When you hear the phrase “Head for higher ground”, the most common association is to think of a pending natural disaster such as a flood. In this case, we view the higher ground from a personal perspective and a tactic to enable both personal safety and security.
Seeking a more literal definition, we look to Merriam Webster for the dictionary definition of “Higher ground” which states: “a position of advantage or superiority; especially an ethically superior position”. While this definition introduces the concept of moral superiority, for purposes of this article the more interesting element is the phrase “a position of advantage”. It is this characterization which can hold valuable implications for a discussion on both business and strategic planning.
In business, senior executives that reach the higher ground enjoy a unique competitive advantage. On the higher ground, companies command a clear 360-degree view of the competition. The organization can see what lies ahead and can plan strategically for how to chart the most efficient path for revenue and profit growth. And from the higher ground, the executive team can also view 180 degrees behind and 90 degrees to either side. Those three points of the compass are logically where you would expect to see both competition and new paths or markets for entry and additional growth.
If the higher ground offers both safety and business advantage, why don’t we spend all our time on this unique vantage point? The answer is because there is a lot of work to be done at the base of the mountain. The day to day challenges of running the business can consume all available time. The focus on quarterly results and operational challenges restricts the management view to a much shorter horizon. Executives can be so focused on the achievement of short-term goals that they may not receive warning signals. On the horizon or around the corner, trouble may be forthcoming. If we look back, there are likely several decisions and approaches we would do differently if given the opportunity. A statement we often hear is: “I never saw this coming”.
Let me illustrate the challenge with a real-world example. Several years ago, General Electric (GE) decided to enter the water technologies business. At an operational level, it appeared to be a reasonable strategic investment. However, from a higher ground perspective, it would have been clear from the onset that GE would face significant challenges with this growth strategy. For firms like Northpoint that closely follow the water technologies space, we understand that the water industry is a very fragmented business. That one factor alone should have put up a red flag for the GE executive team. Trying to take an inherently decentralized business such as water technologies and fit that business into the “GE Way” proved to be very challenging. Several years later, in 2017, GE finalized the sale of the water business to Suez. With a higher ground vantage point, strong advisement and an external perspective, this multi-year investment and loss could have been avoided.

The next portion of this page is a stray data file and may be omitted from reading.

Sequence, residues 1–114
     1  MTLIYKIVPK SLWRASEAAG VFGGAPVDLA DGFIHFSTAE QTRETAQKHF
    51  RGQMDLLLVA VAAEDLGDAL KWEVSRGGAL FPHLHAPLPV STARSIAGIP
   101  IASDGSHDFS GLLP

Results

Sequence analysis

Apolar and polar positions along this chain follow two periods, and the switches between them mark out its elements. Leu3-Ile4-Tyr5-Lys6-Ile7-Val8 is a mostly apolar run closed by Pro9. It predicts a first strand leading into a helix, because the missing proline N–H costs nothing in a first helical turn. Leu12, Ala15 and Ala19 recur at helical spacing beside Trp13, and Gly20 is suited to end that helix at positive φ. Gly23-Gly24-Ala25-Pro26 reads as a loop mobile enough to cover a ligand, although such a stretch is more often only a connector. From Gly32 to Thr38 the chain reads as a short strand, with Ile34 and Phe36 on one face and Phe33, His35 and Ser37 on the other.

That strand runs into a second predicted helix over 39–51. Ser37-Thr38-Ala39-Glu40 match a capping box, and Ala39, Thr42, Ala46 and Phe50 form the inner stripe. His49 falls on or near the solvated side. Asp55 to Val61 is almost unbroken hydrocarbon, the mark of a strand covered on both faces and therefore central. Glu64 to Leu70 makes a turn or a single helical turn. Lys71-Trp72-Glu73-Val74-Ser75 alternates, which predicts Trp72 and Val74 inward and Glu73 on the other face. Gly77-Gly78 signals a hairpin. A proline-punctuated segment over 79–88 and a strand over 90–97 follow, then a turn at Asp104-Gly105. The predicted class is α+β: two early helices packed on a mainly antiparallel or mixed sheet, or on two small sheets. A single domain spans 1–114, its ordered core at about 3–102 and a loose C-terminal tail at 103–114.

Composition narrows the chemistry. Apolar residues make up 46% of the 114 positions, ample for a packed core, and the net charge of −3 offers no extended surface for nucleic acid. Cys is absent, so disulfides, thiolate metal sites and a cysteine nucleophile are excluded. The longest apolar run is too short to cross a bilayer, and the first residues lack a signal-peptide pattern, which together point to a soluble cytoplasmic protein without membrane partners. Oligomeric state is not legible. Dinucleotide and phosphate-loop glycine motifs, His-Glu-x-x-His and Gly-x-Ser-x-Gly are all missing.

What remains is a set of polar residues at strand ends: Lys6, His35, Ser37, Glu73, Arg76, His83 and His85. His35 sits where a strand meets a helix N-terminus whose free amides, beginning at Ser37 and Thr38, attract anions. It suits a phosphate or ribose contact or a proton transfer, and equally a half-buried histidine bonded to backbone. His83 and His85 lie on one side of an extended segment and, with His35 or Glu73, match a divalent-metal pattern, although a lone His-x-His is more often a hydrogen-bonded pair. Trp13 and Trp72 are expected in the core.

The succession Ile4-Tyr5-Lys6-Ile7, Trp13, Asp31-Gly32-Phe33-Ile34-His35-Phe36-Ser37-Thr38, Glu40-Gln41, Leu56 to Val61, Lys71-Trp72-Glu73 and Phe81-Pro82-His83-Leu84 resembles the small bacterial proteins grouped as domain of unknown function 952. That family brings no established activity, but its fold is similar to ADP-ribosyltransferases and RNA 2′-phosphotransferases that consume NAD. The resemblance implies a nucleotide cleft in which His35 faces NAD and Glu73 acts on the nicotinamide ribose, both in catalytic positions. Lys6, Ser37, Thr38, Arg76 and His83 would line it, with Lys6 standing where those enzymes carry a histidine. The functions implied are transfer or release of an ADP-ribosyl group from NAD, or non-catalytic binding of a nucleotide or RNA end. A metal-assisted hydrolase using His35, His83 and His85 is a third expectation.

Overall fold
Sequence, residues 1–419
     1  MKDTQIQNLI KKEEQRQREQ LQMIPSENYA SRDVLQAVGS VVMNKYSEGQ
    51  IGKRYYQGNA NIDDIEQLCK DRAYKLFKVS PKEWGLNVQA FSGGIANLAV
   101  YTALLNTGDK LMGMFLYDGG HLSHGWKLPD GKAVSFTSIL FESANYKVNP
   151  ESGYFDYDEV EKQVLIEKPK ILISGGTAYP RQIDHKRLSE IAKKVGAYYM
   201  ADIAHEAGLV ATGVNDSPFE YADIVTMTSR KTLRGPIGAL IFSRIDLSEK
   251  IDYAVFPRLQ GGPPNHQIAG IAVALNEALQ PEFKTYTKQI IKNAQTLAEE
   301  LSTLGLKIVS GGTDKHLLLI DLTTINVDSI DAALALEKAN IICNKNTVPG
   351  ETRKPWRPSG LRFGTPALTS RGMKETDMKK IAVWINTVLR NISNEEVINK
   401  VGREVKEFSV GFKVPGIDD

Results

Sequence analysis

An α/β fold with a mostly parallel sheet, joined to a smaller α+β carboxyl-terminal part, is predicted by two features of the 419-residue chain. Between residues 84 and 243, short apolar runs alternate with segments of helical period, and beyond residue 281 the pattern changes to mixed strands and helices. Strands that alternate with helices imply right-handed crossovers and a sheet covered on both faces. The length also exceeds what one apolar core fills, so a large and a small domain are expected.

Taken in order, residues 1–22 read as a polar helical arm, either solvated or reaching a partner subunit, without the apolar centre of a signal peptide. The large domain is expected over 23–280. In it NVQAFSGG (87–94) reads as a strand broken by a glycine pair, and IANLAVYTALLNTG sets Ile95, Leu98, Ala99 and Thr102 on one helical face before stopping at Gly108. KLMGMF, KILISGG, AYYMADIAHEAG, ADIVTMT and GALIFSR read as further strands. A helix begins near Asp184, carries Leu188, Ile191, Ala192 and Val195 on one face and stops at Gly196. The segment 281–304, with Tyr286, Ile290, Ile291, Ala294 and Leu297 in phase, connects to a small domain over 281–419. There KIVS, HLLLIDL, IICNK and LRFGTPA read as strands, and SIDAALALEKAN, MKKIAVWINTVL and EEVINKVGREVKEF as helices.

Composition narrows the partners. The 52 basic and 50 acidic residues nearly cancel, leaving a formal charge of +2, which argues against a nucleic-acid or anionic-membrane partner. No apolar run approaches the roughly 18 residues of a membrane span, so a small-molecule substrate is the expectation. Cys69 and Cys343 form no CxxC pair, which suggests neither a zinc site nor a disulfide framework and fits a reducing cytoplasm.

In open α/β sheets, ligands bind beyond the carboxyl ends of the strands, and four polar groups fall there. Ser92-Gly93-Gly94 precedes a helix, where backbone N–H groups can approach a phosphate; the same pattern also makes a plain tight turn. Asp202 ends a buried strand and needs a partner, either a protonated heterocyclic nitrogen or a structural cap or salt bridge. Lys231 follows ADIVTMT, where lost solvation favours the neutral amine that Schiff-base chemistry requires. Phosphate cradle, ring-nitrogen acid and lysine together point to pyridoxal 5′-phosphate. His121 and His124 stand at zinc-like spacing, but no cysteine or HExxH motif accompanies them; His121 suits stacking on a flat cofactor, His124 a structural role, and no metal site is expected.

There are essential steps that an executive team can take to maintain the safety and competitive advantage of the higher ground. These steps include:
- Annually establish a regular cadence to take a step back for 2-4 weeks from day to day business and reflect on the current business, market dynamics and forward-facing opportunities.
- Facilitate deep listening sessions without consequences to create an environment and forum that generates unvarnished input from others, inside and outside of the organization.
- Develop a set of listening posts, both inside and outside the relevant industry and market.
- Engage with objective external advisors that have a deep understanding of the industry, market and channels and a willingness to provide the executive team with unvarnished counsel.
At Northpoint, we do not believe in a single stand-alone approach to driving sustained and profitable revenue growth. Rather we recommend a focus on the revenue growth Value StackTM of which Sales Enablement and Social Selling are one critical element.
If you are interested in learning more, please contact Northpoint for an initial consultation. We are very interested in your perspective and learning more about your organizational challenges.